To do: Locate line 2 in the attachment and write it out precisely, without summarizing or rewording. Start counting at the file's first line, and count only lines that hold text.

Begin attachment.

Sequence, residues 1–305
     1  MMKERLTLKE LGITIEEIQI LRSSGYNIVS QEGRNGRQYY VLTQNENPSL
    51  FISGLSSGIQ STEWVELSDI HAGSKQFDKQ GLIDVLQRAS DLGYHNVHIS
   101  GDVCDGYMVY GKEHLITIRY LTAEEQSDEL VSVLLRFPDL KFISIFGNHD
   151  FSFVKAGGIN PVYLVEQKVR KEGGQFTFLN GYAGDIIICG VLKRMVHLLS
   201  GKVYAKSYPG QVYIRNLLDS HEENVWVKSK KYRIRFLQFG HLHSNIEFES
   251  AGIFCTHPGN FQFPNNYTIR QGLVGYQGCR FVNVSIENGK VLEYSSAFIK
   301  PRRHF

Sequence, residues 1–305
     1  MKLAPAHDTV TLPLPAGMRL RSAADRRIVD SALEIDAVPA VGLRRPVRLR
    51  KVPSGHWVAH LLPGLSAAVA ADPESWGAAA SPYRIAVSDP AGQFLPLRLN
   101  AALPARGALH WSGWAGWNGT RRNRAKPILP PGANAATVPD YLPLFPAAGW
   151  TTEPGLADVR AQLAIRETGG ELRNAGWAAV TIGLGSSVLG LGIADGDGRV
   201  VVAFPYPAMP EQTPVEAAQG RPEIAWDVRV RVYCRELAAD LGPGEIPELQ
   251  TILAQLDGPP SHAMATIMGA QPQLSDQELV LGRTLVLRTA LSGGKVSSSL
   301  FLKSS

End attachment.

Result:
     1  MMKERLTLKE LGITIEEIQI LRSSGYNIVS QEGRNGRQYY VLTQNENPSL